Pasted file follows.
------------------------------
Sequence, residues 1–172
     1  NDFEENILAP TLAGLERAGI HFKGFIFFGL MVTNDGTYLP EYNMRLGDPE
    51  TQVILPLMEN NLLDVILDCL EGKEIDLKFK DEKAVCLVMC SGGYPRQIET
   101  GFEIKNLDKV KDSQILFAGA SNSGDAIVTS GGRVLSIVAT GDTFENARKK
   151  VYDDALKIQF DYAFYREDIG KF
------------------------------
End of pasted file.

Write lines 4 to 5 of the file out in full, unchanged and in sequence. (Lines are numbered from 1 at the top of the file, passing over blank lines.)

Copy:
   101  GFEIKNLDKV KDSQILFAGA SNSGDAIVTS GGRVLSIVAT GDTFENARKK
   151  VYDDALKIQF DYAFYREDIG KF